Midlife Career Change to Nursing - Advice, please - page 5

by mcgocara31 29,162 Views | 73 Comments

Hi all, I'm a 42-year-old lawyer who's seriously considering making a career change to the nursing field. (I've been an unhappy lawyer, in several different law positions, for 18 years now...). I am looking for a career that... Read More


  1. 3
    Quote from toonsis
    I am sorry, but I find it cynical to completely dissuade some one from being a nurse.
    Again, come back when you're a nurse and have been for some years.
    anotherone, Ruas61, and Fiona59 like this.
  2. 2
    Quote from toonsis
    I am sorry, but I find it cynical to completely dissuade some one from being a nurse.
    She is the one who will make the decision. We can give our opinions, as can you, but in the end. It is her choice. We can't make her do anything.
    HomaShahabzadah and roser13 like this.
  3. 1
    I wouldn't dissuade just anyone from becoming a nurse.
    The OP has an excellent career, and nursing is not a step up for her in terms of pay. You have to pay for school, often taking on debt to do so. Who wants to take on debt in a down economy when you are in your mid-forties?
    anotherone likes this.
  4. 0
    What makes An excellent career is a pretty personal thing. I'd think that if the OPs career was an excellent fit for her she wouldn't be considering a change.
  5. 1
    Just being truthful! I love my job but like I said, we are seeing more and more people in their late 40's and they are set in their lifestyle of not working this that and the other. After being on my feet for almost 30 years, 36-40 hours a week, sometimes up to 60, I can't imagine starting in nursing at this point in my life.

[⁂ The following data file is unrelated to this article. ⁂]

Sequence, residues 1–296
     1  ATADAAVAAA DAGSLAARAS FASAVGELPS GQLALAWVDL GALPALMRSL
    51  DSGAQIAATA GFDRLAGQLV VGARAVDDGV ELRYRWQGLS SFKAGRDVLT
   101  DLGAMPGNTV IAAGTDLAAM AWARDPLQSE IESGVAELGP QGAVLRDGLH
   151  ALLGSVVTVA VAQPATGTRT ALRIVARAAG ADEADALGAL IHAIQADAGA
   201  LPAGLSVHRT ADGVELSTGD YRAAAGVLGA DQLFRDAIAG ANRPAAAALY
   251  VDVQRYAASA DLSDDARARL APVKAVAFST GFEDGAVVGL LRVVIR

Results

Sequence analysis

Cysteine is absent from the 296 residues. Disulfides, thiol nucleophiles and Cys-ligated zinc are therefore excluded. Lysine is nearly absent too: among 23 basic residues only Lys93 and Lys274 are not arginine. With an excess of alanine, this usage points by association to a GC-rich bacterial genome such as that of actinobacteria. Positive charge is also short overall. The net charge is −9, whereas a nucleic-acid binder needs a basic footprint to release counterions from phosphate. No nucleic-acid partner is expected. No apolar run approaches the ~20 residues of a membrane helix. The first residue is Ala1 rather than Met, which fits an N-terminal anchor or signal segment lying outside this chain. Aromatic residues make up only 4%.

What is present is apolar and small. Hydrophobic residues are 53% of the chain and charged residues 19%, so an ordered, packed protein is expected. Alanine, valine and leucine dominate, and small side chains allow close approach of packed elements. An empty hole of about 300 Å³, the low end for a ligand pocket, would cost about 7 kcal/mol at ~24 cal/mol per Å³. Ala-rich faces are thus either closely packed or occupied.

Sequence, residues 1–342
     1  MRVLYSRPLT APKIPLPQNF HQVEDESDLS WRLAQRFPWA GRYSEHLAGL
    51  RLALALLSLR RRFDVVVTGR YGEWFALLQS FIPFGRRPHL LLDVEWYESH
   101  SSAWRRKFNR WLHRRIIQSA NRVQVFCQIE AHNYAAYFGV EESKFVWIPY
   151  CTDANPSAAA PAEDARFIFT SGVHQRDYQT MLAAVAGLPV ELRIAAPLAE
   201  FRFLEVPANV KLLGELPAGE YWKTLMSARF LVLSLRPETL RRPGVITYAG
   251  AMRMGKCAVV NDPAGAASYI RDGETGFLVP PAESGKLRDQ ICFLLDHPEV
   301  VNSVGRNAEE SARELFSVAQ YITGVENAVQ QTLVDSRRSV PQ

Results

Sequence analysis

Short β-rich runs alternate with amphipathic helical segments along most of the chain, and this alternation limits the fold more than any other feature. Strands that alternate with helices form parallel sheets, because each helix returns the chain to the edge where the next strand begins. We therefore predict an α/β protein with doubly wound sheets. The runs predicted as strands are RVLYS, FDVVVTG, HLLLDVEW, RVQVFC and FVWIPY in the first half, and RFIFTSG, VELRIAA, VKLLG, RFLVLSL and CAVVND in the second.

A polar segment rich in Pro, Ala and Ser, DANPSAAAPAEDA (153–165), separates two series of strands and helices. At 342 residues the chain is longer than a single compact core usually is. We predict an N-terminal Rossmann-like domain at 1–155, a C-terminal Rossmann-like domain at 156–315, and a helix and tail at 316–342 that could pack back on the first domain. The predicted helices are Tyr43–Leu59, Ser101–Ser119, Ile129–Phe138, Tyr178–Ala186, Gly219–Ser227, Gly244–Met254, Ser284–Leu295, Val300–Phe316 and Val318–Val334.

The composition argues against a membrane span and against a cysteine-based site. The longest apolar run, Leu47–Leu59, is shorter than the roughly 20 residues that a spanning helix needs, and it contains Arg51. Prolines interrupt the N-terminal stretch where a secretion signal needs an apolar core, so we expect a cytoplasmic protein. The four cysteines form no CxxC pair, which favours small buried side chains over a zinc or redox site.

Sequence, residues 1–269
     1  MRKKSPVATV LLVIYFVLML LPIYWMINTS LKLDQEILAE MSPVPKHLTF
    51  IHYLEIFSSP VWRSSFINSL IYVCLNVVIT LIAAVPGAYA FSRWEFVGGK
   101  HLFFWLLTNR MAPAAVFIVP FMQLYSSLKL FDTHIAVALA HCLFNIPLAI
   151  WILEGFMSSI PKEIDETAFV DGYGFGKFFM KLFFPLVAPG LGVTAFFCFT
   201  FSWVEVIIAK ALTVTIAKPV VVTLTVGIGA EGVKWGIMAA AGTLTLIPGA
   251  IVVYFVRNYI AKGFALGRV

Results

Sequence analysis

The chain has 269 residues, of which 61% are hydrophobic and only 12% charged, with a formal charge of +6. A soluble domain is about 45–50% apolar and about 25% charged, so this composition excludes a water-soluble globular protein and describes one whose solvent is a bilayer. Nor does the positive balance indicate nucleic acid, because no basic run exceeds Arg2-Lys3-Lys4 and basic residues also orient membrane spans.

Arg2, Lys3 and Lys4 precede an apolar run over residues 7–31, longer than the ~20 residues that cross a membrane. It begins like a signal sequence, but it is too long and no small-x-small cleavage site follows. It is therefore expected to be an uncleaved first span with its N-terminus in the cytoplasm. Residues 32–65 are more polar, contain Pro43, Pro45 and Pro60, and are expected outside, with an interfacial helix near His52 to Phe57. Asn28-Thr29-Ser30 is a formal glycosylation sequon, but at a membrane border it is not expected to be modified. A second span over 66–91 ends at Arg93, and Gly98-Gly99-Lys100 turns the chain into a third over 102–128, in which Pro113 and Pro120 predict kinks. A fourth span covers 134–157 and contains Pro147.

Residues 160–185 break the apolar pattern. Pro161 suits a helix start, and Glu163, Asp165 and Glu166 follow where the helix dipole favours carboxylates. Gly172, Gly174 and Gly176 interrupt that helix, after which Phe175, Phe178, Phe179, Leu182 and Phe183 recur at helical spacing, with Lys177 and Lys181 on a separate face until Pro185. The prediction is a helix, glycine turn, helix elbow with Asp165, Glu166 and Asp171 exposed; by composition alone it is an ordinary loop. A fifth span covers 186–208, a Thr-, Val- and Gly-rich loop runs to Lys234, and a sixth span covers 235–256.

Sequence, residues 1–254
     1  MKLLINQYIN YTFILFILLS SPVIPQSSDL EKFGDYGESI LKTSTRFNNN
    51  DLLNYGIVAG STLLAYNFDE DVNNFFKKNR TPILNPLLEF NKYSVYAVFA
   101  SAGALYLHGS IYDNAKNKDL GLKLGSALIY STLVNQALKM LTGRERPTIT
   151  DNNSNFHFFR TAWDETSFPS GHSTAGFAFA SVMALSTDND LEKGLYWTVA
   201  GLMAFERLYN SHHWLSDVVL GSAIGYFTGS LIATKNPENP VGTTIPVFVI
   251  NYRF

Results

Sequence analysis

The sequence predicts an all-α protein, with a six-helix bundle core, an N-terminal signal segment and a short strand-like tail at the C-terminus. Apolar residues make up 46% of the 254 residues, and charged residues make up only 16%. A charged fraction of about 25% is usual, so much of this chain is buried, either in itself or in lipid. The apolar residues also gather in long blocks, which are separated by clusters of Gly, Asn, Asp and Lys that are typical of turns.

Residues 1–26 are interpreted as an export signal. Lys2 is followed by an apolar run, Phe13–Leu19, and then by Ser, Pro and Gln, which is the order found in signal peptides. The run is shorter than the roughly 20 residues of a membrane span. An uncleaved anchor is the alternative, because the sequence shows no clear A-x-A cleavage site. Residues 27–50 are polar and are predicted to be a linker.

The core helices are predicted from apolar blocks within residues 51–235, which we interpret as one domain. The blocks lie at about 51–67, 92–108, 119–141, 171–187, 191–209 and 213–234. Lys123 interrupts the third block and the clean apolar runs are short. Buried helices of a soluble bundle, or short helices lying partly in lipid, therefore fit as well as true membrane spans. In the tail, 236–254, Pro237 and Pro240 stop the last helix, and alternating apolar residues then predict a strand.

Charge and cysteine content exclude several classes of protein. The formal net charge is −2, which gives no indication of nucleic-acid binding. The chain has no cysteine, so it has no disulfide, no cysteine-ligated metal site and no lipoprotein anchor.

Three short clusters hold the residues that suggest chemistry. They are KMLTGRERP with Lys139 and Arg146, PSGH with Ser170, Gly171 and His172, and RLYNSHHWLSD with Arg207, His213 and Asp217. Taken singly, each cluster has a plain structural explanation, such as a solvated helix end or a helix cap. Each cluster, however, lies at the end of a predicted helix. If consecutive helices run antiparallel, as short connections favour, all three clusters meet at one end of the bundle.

I agree, the poster could easily look into risk management after getting her degree.
    anotherone likes this.
  6. 0
    Canesdukegirl -

    I wanted to thank you for your PM. I haven't participated here on the site enough to send a pm back, but I wanted to make sure you knew that I read your PM. Thank you, thank you.
  7. 1
    Being a nurse i one of the greatest thing happen to me ever!.
    HomaShahabzadah likes this.
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    I am in Baltimore. I am 39, and have been a social worker for 15 years. About 3 year ago, I decided to return to school in be a nurse. I was afraid, but I worked full time, and went to school at night and on weekends (in 1 semester taking anatomy 1 and micro!! with labs). I am starting a 2nd bachelor's porgram for RN in fall. I also have heard rumblings about no nursing shortage anymore, but when I go into the sites like indeed, they say that nursing is going up in need due to people living longer and needing more care. They say there will be another big shortage by 2016. I work in a hospital now (for now still as a social worker) and all they talk about is that there are not enough nurses (all the departments in our hopsital are under a hiring freeze EXCEPT nursing)
  9. 0
    It's refreshing to learn that anyone would like to enter the Nursing Profession. I would advise against it in your case for one big reason, by the time you complete you education even on the fastest track your age will be against you. Nursing is not viewed as a very physical job, but it is! I've been a Nurse for 30 years and started to make roads outward at 49 years old. My suggestion is to check into legal services that are healthcare related. Some of the older folks have a great deal of trouble managing their medical bills and understanding the legal aspect of their paperwork. Just a thought to consider. Good Luck!
  10. 0
    I to am considering another profession also????
    I've been a nurse for 19 yrs, in L&D. Happy nursing right? Well, to a degree! I'm suppose to avocate for women, but I'm not allowed to have or give a professional opinion. I only follow orders. I assess for domestic violence, when far too many times female nurses are verbally and yes, physically abused.

    So I say think long. Now the joy a on that mom's face when she holds her child for the first time has kept me coming backfor more... it doesn't to be this way. Bottom line, bad Mds. bring good money. That's my pro/con on the profession.


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